“I am personally seeing more and more requests from automotive players wanting to understand the opportunities in the African market that can be stimulated by the African Continental Free Trade Agreement [AfCFTA], green drives like the critical raw materials and new energy vehicles value chain,” he said.

SA government is on board

Newman stressed that the South African government has clearly shown there is a long term commitment to the automotive industry through the South African Automotive Masterplan to 2035 and expects the government to extend its commitment beyond 2035.

He added that the announcement of a 125% additional tax incentive for the electric and hydrogen value chain in the 2024 Budget is also a clear indication that government wants to support the transition from ICE vehicles to NEVs.

Newman said there are other major factors that will impact the industry.

These include the speed of the switch to NEVs in export markets, particularly in light of a view that the enthusiasm for NEVs is slowing down;, the impact of the AfCFTA and African auto strategy on regional value chains; the critical minerals drive across Africa and how the automotive value chain can localise by leveraging off this; and carbon border adjustment developments across the world.

‘Too much’ worrying about EVs

De Canha said the vast majority of vehicle dealers and OEMs are dedicating their time to worrying about the transition to EVs and how they will “take the world by storm and change the South African market”.

“You are really dreaming if you think that is going to happen tomorrow,” he said, adding that if the production of ICE vehicles stopped tomorrow, it would take 14 years for EV sales to dominate the domestic market because of various other challenges.

These challenges included the loss of revenue to the government from things such as fuel levies and oil, the increased demand for power, the displacement of supporting industries, and the infrastructure development needed to support the transition to EVs.

“Government is not going to sit back and just say we will allow EVs to take over. That is not going to happen,” said De Canha.

He pointed out that EVs and NEVs are currently unaffordable to the masses, who comprise 95% of the market, and believes only about 5% of consumers will have the disposable income to be able to afford to buy EVs, which means the transition will not happen “tomorrow”.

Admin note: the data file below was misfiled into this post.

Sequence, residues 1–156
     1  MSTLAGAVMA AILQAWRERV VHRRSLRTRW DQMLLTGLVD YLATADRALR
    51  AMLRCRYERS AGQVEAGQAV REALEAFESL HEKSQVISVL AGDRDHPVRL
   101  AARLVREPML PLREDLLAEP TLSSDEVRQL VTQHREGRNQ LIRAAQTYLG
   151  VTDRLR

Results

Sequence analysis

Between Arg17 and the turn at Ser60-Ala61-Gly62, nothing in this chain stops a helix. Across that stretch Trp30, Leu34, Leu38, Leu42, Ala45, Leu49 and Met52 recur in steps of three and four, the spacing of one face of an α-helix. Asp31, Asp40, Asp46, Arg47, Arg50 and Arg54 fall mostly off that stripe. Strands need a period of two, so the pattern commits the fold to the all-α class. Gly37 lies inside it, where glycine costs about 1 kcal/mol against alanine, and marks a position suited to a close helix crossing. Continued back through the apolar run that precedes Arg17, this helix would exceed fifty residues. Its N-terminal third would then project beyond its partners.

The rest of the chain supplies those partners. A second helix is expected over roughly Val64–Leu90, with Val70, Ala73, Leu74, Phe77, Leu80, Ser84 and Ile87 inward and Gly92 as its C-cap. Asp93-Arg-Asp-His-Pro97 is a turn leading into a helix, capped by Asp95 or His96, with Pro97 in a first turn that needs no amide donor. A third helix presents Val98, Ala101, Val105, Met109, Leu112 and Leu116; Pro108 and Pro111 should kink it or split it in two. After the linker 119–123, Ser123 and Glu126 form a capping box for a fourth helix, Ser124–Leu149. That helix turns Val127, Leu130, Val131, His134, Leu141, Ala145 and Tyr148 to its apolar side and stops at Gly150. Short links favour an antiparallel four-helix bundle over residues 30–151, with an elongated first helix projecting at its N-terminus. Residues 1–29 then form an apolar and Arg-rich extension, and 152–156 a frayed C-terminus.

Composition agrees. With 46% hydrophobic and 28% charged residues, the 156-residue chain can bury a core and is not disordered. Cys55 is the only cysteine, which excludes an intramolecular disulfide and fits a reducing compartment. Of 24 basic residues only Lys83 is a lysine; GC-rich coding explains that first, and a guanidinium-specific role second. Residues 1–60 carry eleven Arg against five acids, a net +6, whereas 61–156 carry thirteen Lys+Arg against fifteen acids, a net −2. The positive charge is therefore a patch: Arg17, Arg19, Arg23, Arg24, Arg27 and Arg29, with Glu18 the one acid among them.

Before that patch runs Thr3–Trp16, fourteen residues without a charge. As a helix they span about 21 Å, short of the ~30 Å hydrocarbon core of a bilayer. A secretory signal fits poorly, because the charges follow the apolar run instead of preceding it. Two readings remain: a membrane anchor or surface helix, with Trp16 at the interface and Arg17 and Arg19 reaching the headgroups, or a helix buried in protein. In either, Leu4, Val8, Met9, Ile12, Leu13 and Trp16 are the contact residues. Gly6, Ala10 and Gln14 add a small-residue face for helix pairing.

“In Australia, they banned leaded fuel in 1988 but it took 20 years for it to disappear. So how do we expect EVs to take over [immediately]?

“Yes, maybe in 50 years’ time it could be a different story but right now we [vehicle dealerships] have to focus on the combustion engine vehicle because that is our bread and butter,” he said.

Idealism vs reality

Robert Forrester, CEO of the Vertu Motors Group in the UK, told the conference the transition to EVs is not happening as anticipated in the UK and some major problems are looming, including the shortage of EV charging infrastructure to cover the entire country and the fact that EVs are a lot more expensive.

“There are a lot of reasons why your average consumer might not want EVs, particularly in a time when living standards are under pressure and incomes are under pressure with inflation.

“We are about to hit the idealism-hits-the-reality wall, I’m afraid, on EVs,” he said.

Johan Theart, Toyota South Africa general manager for marketing planning, said the reality is that battery electric vehicles (BEVs) are coming but predicts that sales of BEVs in South Africa will not achieve 10% market share “by 2030, maybe not by 2035”.

  1. “We will still have ICE vehicles,” he said. “We [Toyota SA] have done our 2030 plans and more than 30% of our plans are still on ICE excluding hybrid vehicles, so pure diesel and petrol.”